as using "secure" DNSSEC [RFC4033][RFC4034][RFC4035] validated as using "secure" DNSSEC [RFC4033][RFC4034][RFC4035] validated
lookup. lookup.
2. When using email service discovery procedure specified in 2. When using email service discovery procedure specified in
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certificate. For example, a DNS-ID of *.example.com would match certificate. For example, a DNS-ID of *.example.com would match
a.example.com, foo.example.com, etc. but would not match a.example.com, foo.example.com, etc. but would not match
example.com. Note that the wildcard character MUST NOT be used example.com. Note that the wildcard character MUST NOT be used
as a fragment of the left-most name component (e.g., as a fragment of the left-most name component (e.g.,
*oo.example.com, f*o.example.com, or foo*.example.com). *oo.example.com, f*o.example.com, or foo*.example.com).
4. Compliance Checklist for Certification Authorities 4. Compliance Checklist for Certification Authorities
1. CA MUST support issuance of server certificates with DNS-ID 1. CA MUST support issuance of server certificates with DNS-ID
identifier type (subjectAltName of dNSName type [RFC5280]). identifier type (subjectAltName of dNSName type [RFC5280]).
(Note that some DNS-IDs may refer to domain portions of email
addresses, so they might not have corresponding A/AAAA DNS
records.)
2. CA MUST support issuance of server certificates with SRV-ID 2. CA MUST support issuance of server certificates with SRV-ID
identifier type (subjectAltName of SRVName type [RFC4985]) for identifier type (subjectAltName of SRVName type [RFC4985]) for
each type of email service. See Section 4.1 for more discussion each type of email service. See Section 4.1 for more discussion
on what this means for Certification Authorities. on what this means for Certification Authorities.
3. For backward compatibility with deployed client base, CA MUST 3. For backward compatibility with deployed client base, CA MUST
support issuance of server certificates with CN-ID identifier support issuance of server certificates with CN-ID identifier
type (CN attribute from the subject name, see [RFC6125]). type (CN attribute from the subject name, see [RFC6125]).
4. CA MAY allow "*" (wildcard) as the left-most name component of 4. CA MAY allow "*" (wildcard) as the left-most name component of
DNS-ID or CN-ID in server certificates it issues. DNS-ID or CN-ID in server certificates it issues.
4.1. Notes on handling of SRV-ID by Certification Authorities 4.1. Notes on handling of delegated email services by Certification
Authorities
[RFC6186] provides an easy way for organizations to autoconfigure [RFC6186] provides an easy way for organizations to autoconfigure
email clients. It also allows for delegation of email services to an email clients. It also allows for delegation of email services to an
email hosting provider. When connecting to such delegated hosting email hosting provider. When connecting to such delegated hosting
service an email client that attempts to verify TLS server identity service an email client that attempts to verify TLS server identity
needs to know that if it connects to imap.hosting.example.net that needs to know that if it connects to imap.hosting.example.net that
such server is authorized to provide email access for an email such such server is authorized to provide email access for an email such
as alice@example.org. In absence of SRV-IDs, users of compliant as alice@example.org. In absence of SRV-IDs, users of compliant
email clients would be forced to manually confirm exception, because email clients would be forced to manually confirm exception, because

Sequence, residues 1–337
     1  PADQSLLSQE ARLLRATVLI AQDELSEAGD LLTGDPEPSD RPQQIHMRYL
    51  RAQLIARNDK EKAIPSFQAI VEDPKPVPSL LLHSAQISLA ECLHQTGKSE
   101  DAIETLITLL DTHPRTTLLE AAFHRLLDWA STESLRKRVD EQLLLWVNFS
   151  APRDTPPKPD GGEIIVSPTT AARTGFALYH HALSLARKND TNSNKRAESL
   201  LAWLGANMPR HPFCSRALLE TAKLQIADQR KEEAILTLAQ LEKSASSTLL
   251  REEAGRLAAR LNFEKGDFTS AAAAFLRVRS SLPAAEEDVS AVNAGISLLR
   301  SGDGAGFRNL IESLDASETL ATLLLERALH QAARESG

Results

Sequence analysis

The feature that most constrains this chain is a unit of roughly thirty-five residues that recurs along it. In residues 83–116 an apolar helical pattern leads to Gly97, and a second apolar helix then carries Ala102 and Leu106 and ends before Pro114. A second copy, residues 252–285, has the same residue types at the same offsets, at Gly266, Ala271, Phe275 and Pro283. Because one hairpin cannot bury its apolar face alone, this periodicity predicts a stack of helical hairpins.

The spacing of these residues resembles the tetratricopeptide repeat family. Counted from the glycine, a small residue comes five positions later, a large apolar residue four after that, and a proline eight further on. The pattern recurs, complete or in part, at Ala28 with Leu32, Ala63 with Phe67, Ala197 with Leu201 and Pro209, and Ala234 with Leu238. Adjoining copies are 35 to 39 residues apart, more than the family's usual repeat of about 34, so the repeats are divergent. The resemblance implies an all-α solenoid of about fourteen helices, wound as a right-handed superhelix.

the TLS server certificate verification procedures specified in this the TLS server certificate verification procedures specified in this
document would result in failure to match the TLS server certificate document would result in failure to match the TLS server certificate
against the expected domain(s). One way to provide such against the expected domain(s). One way to provide such
authorization is for the TLS certificate for imap.hosting.example.net authorization is for the TLS certificate for imap.hosting.example.net
to include SRV-ID(s) (or DNS-ID) for the example.org domain. to include SRV-ID(s) (or DNS-ID) for the example.org domain.
(Another way is for SRV lookups to be protected by DNSSEC, but this (Another way is for DNS SRV lookups to be protected by DNSSEC, but
solution depends on DNSSEC and thus is not discussed in this this solution depends on ubiquitous use of DNSSEC and availability of
document. A future update to this document might rectify this.) DNSSEC-aware APIs and thus is not discussed in this document. A
future update to this document might rectify this.)
The ability to issue certificates that contain SRV-ID implies the A certification authority that receives a Certificate Signing Request
ability to verify that entities requesting them are authorized to run containing multiple unrelated DNS-IDs and/or SRV-IDs (e.g. DNS-ID of
email service for these SRV-IDs. In particular, certification example.org and DNS-ID of example.com) needs to verify that the
authorities that can't verify such authorization MUST NOT include entity that supplied such Certificate Signing Request is authorized
email SRV-IDs in certificates they issue. This document doesn't to provide email service for all requested domains.
specify exact mechanism(s) that can be used to achieve this.
However, a few special case recommendations are listed below. The ability to issue certificates that contain an SRV-ID (or a DNS-ID
for the domain part of email addresses) implies the ability to verify
that entities requesting them are authorized to run email service for
these SRV-IDs/DNS-IDs. In particular, certification authorities that
can't verify such authorization (whether for a particular domain or
in general) MUST NOT include such email SRV-IDs/DNS-IDs in